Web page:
As you’ve all noticed by now, we’re in the thick of another round of staff writer auditions here at Get Rich Slowly. I never made a formal call for staff writers; instead, I just quietly accepted submissions from the folks who had the initiative to contact me when they noticed April Dykman was retiring. I believed (and still do) that this was a keen initial screening process.

I also believed I’d only said “send me your stuff” to six or seven people. Oops. Turns out I was wrong. I’ve actually asked a dozen or more folks to audition to be a staff writer here. And since I want to share two articles from each candidate…well, that means there are a lot of articles to get through.

As a result, this process is going to last longer than I had anticipated. Even if I post two articles a day (which I’m going to do a couple of days wach week), it’ll be July before we’ve finished reading every submission. Please be patient. I know not everyone likes every article. But this process is important. We’re learning which voices you like, which writers I like to edit, and so on. It’ll be worth it in the long run.

So, keep paying attention. And once I’ve run both audition articles from each candidate, I’ll post a call for feedback on the writers. Readers won’t have the final say — but your opinion will carry a lot of weight. Thanks!

News Flash!

Today, my colleague and friend Jonathan fields launched his latest endeavor, Good Life Project TV. Here’s how he describes it: “[This project is] about building an extraordinary life, deeper relationships and meaningful bodies of work, businesses and movements. It’s about becoming a creator, a leader, a mentor, a giver, a doer. It’s about telling a story with your life that you’d want to read and share.”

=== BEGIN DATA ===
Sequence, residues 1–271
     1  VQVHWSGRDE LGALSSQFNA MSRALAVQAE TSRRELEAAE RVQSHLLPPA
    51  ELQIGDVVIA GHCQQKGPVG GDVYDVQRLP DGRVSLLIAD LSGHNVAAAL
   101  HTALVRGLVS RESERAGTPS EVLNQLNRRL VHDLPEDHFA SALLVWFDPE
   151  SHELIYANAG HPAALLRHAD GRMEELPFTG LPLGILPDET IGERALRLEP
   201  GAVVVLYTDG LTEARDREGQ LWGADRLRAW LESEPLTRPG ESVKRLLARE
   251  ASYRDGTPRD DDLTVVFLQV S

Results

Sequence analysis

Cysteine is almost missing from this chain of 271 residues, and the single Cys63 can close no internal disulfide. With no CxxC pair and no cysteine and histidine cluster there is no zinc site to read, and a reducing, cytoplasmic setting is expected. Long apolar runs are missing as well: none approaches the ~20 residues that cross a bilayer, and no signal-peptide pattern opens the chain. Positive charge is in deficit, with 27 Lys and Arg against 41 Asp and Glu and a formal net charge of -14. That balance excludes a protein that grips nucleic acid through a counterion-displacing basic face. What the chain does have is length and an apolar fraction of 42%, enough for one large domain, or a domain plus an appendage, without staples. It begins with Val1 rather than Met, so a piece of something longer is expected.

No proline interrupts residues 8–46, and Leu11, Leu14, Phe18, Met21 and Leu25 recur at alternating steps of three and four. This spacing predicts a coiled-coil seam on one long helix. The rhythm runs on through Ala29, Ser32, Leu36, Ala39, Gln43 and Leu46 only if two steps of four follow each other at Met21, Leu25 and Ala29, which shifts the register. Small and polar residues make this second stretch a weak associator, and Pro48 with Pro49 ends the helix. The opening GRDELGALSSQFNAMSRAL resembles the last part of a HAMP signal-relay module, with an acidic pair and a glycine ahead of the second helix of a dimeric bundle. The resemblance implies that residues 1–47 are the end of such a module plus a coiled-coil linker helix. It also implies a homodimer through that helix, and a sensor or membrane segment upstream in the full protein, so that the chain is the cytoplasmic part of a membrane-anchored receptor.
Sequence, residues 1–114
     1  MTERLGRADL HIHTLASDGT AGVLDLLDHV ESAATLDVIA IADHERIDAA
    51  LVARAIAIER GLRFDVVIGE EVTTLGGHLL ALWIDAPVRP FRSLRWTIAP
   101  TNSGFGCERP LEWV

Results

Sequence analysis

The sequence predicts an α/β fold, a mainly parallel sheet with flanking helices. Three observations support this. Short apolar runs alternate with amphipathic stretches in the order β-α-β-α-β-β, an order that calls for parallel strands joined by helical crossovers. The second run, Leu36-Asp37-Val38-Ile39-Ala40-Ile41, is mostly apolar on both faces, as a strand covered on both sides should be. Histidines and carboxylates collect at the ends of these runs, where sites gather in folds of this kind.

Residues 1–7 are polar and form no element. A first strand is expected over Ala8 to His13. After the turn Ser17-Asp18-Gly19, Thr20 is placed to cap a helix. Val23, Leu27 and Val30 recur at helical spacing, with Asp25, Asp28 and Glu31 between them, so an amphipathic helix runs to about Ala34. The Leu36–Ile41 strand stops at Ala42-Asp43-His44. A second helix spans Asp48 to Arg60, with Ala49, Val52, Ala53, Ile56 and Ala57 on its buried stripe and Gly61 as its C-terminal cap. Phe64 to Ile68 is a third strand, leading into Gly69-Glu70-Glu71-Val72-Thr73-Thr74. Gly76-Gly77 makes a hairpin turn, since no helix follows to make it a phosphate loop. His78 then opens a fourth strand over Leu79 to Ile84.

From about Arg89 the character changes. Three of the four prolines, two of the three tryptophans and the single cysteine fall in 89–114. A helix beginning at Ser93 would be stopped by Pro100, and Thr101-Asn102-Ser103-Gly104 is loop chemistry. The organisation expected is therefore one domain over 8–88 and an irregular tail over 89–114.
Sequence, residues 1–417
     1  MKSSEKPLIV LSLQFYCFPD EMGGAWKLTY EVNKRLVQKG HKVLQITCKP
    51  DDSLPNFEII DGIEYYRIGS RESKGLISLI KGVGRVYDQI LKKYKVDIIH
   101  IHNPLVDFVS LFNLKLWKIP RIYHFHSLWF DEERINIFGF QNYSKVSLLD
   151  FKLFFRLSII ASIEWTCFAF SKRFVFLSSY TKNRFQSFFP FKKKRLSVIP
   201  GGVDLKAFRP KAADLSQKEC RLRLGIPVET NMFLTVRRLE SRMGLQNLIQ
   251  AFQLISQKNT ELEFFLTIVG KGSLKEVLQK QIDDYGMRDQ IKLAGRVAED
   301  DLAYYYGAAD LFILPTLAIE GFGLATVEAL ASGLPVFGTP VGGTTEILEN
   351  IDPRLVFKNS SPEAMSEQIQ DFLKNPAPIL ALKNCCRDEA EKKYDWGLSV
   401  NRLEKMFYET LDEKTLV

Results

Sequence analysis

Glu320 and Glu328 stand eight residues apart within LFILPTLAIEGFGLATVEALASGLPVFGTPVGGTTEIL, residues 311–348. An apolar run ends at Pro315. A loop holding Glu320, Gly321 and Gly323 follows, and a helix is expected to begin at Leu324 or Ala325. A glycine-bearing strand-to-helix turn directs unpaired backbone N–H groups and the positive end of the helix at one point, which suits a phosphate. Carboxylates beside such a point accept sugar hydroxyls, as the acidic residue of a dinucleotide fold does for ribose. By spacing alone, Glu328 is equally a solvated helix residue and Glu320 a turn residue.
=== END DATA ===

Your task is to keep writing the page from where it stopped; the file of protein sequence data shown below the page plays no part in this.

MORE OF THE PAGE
I love it, and I think it meshes well with my vision for Awesome People, the site I launched (and abandoned) last year. I have grand plans for Awesome People, and think Jonathan’s Good Life Project is a good complement to my own own project.

Meanwhile, let’s look at some financial stories from elsewhere around the web:

As I’ve mentioned in passing, I like the idea of owning rental property. But that’s as far as it goes. Liking an idea and liking the implementation of the idea are two different things, and I’m smart enough to know that in this case, I’d hate owning rentals. Still, it’s fun to live life through others’ eyes. In this case, I like this recent article from Phil at PT Money about how his first rental property isn’t really a great investment.

Next, Jim at Bargaineering recently shared some stats about median net worth by age. While there’s nothing really useful you can do with this info (and while net worth is an imperfect measure of wealth), these numbers are still fun to look at. (For me, at least.)

A lot of Get Rich Slowly readers hate the “do what you love and the money will follow” mantra. If you’re in that crowd, check out a recent guest post from Patty Azzarello at Free Money Finance. She argues that “do what you love” is bad advice. Me? I don’t think it’s bad advice; I just don’t think it’s universal advice. You really should do what you love, if you can. There’s no better way to make a living. But not everyone can — or should — pursue their passions. You need to know what’s best for you.

Finally, Thorin Klosowski at Lifehacker has put together a great little guide about how to avoid impulse purchases in the digital age. If you tend to spend too much on-line, check this out. My top suggestions? Avoid the sites that cause you problems, and make use of the 30-day rule.

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